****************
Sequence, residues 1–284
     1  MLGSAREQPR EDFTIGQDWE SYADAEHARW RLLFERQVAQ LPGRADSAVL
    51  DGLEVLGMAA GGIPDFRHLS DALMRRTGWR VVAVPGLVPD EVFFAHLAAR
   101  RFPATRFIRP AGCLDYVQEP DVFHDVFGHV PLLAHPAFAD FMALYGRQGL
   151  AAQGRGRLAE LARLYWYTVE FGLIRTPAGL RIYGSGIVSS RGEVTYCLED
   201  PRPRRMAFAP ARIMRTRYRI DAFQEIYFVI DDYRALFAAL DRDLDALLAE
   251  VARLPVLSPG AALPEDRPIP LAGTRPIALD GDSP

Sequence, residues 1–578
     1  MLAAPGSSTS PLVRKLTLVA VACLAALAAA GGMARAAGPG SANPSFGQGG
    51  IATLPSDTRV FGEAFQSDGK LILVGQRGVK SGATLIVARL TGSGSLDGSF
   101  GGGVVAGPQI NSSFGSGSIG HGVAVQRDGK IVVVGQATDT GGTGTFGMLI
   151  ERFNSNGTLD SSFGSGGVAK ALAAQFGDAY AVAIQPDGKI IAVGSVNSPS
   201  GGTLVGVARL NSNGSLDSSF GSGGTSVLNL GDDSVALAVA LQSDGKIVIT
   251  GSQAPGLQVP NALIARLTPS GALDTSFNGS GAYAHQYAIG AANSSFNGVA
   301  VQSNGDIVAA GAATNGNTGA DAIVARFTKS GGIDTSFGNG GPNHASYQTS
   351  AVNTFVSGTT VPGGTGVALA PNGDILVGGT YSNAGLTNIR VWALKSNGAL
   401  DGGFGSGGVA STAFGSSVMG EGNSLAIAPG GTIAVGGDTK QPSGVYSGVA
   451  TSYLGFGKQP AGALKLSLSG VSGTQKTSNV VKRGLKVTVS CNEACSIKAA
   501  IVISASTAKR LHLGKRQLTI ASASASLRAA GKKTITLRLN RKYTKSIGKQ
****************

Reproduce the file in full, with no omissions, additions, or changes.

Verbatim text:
Sequence, residues 1–284
     1  MLGSAREQPR EDFTIGQDWE SYADAEHARW RLLFERQVAQ LPGRADSAVL
    51  DGLEVLGMAA GGIPDFRHLS DALMRRTGWR VVAVPGLVPD EVFFAHLAAR
   101  RFPATRFIRP AGCLDYVQEP DVFHDVFGHV PLLAHPAFAD FMALYGRQGL
   151  AAQGRGRLAE LARLYWYTVE FGLIRTPAGL RIYGSGIVSS RGEVTYCLED
   201  PRPRRMAFAP ARIMRTRYRI DAFQEIYFVI DDYRALFAAL DRDLDALLAE
   251  VARLPVLSPG AALPEDRPIP LAGTRPIALD GDSP

Sequence, residues 1–578
     1  MLAAPGSSTS PLVRKLTLVA VACLAALAAA GGMARAAGPG SANPSFGQGG
    51  IATLPSDTRV FGEAFQSDGK LILVGQRGVK SGATLIVARL TGSGSLDGSF
   101  GGGVVAGPQI NSSFGSGSIG HGVAVQRDGK IVVVGQATDT GGTGTFGMLI
   151  ERFNSNGTLD SSFGSGGVAK ALAAQFGDAY AVAIQPDGKI IAVGSVNSPS
   201  GGTLVGVARL NSNGSLDSSF GSGGTSVLNL GDDSVALAVA LQSDGKIVIT
   251  GSQAPGLQVP NALIARLTPS GALDTSFNGS GAYAHQYAIG AANSSFNGVA
   301  VQSNGDIVAA GAATNGNTGA DAIVARFTKS GGIDTSFGNG GPNHASYQTS
   351  AVNTFVSGTT VPGGTGVALA PNGDILVGGT YSNAGLTNIR VWALKSNGAL
   401  DGGFGSGGVA STAFGSSVMG EGNSLAIAPG GTIAVGGDTK QPSGVYSGVA
   451  TSYLGFGKQP AGALKLSLSG VSGTQKTSNV VKRGLKVTVS CNEACSIKAA
   501  IVISASTAKR LHLGKRQLTI ASASASLRAA GKKTITLRLN RKYTKSIGKQ